Elias Ashmole, Theatrum Chemicum Brittanicum: Don’t be put off by the Latin title. This is a collection of English alchemical texts that were gathered by Elias Ashmole. The missing alchemical manuscript that Diana finds in the Bodleian library is not among them, alas, but if you are interested in the subject this is a fascinating glimpse into the mysterious texts that she studies as a historian.

Janet Browne, Darwin’s Origin of Species: Books That Changed the World: Browne is not only a great scholar, but a superb writer. A highly-regarded biographer of Darwin, here she turns her talents to writing a “biography” of his most famous book—and one of Matthew Clairmont’s favorites, as well.

Owen Davies, Grimoires: A History of Magic Books. If you are interested in the history of magic and witchcraft, Davies’ description of the development of magical spellbooks will provide insights into how ideas about magic, science, and nature developed over the centuries.

Carol Karlsen, The Devil in the Shape of a Woman: Witchcraft in Colonial New England. Diana Bishop is descended from a long line of witches. You will find out more about some of those witches—the Bishops and the Proctors—while reading this classic interpretation of what happened in Salem in 1692.

Robert Kehew, Ezra Pound, and W. D. Snodgrass, Lark in the Morning: The Verses of the Troubadours. Matthew is a very old vampire, who has slightly old-fashioned views on love and romance. You might be surprised at the love poetry of his early life, and come away with a whole new appreciation for “old-fashioned.”

Bruce Moran’s Distilling Knowledge: Alchemy, Chemistry, and the Scientific Revolution. This marvelous book is not only deeply learned but extremely readable. Touched with Moran’s sense of humor and his compassion for his subject’s tireless efforts to understand the natural world, you will come away from this book with a new appreciation for the alchemists.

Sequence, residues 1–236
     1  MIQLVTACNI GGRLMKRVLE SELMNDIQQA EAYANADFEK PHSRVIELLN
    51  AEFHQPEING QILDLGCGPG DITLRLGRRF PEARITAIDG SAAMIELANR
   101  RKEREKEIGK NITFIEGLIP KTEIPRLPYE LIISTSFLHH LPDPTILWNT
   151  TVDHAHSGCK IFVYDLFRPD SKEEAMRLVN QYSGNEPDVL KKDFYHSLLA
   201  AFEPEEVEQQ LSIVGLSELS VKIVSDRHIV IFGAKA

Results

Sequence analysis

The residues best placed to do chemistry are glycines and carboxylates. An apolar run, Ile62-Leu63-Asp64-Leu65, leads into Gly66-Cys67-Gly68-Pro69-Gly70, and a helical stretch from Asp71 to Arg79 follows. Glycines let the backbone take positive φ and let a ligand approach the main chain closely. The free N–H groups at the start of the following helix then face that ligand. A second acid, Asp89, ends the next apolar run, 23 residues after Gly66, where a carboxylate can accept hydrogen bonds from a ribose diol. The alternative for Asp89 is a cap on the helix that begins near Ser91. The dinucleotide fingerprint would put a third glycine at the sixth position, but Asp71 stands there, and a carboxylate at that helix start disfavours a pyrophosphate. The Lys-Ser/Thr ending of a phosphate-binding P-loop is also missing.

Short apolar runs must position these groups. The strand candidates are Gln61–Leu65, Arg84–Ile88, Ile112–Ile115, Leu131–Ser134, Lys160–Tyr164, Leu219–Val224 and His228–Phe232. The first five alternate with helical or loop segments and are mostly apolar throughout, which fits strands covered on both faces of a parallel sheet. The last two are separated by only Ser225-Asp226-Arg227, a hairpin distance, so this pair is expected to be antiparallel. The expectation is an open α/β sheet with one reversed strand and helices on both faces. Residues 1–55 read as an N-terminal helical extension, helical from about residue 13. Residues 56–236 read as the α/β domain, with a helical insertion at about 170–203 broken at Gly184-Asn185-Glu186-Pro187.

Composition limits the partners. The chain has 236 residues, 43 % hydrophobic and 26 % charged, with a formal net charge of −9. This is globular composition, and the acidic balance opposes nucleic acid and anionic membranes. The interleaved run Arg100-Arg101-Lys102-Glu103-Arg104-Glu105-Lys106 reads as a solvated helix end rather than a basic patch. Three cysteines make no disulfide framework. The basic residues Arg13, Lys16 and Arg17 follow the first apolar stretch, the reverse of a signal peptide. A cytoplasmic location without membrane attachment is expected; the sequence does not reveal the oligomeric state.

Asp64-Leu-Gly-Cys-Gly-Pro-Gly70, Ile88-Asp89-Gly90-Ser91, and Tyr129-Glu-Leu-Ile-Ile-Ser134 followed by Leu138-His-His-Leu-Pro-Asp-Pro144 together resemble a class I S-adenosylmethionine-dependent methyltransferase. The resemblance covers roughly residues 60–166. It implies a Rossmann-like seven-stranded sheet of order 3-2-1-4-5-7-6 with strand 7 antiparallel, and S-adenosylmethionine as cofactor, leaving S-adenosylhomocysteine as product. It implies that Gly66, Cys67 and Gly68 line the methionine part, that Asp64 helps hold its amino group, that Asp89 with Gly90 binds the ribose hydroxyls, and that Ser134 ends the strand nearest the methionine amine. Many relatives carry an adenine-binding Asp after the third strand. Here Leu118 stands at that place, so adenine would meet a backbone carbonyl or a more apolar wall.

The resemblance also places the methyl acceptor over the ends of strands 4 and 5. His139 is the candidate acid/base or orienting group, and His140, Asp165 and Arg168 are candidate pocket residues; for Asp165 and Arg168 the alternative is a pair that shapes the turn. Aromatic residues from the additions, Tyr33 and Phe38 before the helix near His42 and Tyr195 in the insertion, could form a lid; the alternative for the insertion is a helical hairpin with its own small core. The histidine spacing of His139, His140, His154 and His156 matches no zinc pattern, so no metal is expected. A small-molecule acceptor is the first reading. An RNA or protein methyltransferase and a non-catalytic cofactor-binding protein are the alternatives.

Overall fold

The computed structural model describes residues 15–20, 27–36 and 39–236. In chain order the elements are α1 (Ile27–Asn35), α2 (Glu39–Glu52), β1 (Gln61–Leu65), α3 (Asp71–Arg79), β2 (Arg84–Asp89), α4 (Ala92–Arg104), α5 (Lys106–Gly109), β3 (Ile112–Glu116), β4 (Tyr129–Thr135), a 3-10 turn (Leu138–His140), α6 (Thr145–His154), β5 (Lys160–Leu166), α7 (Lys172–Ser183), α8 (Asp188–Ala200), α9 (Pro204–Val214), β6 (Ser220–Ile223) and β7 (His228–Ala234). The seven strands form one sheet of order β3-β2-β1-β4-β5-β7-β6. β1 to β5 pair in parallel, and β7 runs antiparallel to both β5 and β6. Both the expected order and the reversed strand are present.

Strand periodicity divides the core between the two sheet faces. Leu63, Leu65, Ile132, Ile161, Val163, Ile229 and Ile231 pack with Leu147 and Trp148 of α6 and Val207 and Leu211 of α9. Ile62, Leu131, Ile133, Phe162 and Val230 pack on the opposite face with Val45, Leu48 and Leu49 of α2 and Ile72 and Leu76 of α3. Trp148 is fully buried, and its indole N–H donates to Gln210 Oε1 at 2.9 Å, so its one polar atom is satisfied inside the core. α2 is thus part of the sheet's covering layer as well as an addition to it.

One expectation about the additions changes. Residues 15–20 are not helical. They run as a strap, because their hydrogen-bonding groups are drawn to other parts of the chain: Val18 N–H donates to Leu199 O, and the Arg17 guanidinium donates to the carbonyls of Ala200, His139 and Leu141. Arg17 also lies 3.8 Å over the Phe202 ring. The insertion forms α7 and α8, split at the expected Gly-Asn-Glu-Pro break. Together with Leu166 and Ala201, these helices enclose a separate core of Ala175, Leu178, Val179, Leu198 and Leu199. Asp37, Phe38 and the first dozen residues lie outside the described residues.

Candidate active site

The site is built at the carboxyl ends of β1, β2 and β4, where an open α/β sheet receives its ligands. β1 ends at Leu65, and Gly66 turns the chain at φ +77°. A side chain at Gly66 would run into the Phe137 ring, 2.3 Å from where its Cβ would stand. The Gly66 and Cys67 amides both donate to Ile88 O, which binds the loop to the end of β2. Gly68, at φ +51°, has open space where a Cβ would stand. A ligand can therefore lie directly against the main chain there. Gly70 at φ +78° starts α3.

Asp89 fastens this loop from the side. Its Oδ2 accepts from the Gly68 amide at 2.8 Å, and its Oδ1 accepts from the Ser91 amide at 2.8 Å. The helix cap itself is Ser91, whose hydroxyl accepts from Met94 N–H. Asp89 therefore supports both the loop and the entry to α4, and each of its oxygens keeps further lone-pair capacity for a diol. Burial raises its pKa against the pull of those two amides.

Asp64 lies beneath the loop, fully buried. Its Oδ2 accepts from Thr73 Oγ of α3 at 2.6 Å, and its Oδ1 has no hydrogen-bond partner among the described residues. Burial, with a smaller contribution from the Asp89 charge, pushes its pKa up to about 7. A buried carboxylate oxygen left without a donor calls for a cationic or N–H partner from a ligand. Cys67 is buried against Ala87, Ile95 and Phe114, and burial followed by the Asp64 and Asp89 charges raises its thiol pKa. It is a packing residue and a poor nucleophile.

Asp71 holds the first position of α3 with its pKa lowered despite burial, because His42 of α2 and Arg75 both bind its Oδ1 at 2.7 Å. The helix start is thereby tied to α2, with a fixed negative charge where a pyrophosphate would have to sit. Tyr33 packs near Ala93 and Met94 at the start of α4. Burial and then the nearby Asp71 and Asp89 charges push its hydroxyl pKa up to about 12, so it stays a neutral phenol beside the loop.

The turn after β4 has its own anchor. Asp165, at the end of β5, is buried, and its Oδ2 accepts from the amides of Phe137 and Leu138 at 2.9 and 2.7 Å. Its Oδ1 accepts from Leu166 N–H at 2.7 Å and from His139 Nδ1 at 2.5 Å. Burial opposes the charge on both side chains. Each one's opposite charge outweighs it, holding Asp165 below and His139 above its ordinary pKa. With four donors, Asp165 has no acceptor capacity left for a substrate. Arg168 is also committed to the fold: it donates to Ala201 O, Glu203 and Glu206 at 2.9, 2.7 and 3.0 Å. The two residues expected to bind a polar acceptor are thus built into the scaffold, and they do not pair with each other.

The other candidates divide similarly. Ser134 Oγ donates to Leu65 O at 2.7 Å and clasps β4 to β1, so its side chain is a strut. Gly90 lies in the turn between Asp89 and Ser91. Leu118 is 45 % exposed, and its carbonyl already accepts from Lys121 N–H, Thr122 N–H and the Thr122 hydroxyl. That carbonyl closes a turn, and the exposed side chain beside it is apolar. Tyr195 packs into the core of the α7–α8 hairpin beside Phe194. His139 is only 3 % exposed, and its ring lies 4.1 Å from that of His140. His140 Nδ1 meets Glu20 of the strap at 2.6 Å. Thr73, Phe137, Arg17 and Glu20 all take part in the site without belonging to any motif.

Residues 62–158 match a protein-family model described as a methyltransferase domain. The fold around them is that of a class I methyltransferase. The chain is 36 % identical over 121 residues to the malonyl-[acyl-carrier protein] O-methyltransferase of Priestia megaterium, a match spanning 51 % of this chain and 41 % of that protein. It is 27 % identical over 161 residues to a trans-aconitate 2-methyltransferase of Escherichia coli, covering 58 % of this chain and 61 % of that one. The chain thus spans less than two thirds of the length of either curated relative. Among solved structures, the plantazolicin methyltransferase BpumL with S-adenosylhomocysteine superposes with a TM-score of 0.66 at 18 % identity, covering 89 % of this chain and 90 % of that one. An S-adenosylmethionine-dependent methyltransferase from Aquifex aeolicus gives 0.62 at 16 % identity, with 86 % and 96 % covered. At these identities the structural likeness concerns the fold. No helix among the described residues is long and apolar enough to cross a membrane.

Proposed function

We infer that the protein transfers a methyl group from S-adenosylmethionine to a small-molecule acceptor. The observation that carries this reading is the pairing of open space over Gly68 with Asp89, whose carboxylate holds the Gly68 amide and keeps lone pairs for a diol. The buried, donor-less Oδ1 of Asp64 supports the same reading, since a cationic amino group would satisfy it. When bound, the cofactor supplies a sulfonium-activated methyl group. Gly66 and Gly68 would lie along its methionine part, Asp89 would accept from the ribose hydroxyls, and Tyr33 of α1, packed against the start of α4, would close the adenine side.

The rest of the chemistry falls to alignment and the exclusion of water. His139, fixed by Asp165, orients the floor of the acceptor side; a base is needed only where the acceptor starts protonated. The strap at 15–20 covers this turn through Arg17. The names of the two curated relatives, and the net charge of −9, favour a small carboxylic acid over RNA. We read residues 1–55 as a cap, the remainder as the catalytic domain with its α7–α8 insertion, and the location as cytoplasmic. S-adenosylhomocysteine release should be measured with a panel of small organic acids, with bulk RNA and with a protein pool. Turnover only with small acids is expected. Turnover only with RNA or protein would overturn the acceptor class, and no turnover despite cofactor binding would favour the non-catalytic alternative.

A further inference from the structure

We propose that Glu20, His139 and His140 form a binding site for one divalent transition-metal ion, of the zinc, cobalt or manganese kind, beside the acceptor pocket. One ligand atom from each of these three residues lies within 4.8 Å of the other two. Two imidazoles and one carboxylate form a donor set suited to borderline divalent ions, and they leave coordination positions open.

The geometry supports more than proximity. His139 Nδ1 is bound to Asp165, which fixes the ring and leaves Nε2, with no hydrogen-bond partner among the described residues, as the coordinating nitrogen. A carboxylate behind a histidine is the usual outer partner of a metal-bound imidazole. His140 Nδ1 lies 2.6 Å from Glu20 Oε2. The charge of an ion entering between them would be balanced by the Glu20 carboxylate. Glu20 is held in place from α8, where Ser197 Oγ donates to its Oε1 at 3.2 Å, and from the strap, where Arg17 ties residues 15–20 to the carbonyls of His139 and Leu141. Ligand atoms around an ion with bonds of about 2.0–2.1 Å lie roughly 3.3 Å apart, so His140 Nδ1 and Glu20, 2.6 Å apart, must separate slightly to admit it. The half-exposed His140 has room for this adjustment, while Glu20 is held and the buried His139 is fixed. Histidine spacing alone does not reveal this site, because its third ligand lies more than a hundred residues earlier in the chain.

Alexander Roob, Alchemy and Mysticism. Diana Bishop is an expert on the enigmatic imagery that is used in alchemical texts. Many are included in Roob’s book, along with other illustrations from mystical and magical traditions.

Lyndal Roper, Witch Craze: Terror and Fantasy in Baroque Germany. This scholarly book was important to me as I wrote A Discovery of Witches because it helped me understand how the belief in witches influenced the imagination. Many of the notions we have about witchcraft today have their roots in these terrifying fantasies.

James Sharpe, Instruments of Darkness: Witchcraft in Early Modern England. Sharpe’s book is an ideal starting point if you are interested in the history of witchcraft beyond Salem or Germany. One of his most controversial arguments focuses on the role that women played as accusers—not just as victims—in the witchcraft trials.

Bryan Sykes, The Seven Daughters of Eve: The Science That Reveals Our Genetic Ancestry. I was fascinated by the combination of history, genealogy, and science in Sykes’s work. The book provides an introduction to the study of genetics, and to the legacies that are carried from generation to generation among the population.

--Deborah Harkness

(Photo of Deborah Harkness © Marion Ettlinger)

(retrieved from Amazon Thu, 12 Mar 2015 18:21:41 -0400)

(see all 7 descriptions)

Witch and Yale historian Diana Bishop discovers an enchanted manuscript, attracting the attention of 1,500-year-old vampire Matthew Clairmont. The orphaned daughter of two powerful witches, Bishop prefers intellect, but relies on magic when her discovery of a palimpsest documenting the origin of supernatural species releases an assortment of undead who threaten, stalk, and harass her.… (more)

(summary from another edition)